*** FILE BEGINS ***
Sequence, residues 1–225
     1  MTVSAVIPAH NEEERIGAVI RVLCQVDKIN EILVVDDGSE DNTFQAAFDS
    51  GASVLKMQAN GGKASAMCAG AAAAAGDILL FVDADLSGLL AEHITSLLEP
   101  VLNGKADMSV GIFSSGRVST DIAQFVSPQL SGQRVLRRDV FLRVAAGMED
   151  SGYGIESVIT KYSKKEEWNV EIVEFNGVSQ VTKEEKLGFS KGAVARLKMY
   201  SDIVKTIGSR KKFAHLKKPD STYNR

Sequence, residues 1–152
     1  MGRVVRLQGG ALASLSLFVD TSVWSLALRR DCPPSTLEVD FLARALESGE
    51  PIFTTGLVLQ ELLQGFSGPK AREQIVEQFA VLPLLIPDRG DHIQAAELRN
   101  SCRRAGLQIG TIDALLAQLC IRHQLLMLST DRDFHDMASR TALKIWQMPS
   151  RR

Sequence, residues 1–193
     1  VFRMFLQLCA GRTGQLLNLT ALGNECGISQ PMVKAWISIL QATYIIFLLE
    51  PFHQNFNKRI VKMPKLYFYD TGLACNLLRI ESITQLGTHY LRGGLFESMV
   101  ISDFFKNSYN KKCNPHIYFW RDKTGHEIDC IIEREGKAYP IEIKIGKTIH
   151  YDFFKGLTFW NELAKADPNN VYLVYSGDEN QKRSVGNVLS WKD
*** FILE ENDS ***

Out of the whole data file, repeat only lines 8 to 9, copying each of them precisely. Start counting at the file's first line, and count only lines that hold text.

     1  MGRVVRLQGG ALASLSLFVD TSVWSLALRR DCPPSTLEVD FLARALESGE
    51  PIFTTGLVLQ ELLQGFSGPK AREQIVEQFA VLPLLIPDRG DHIQAAELRN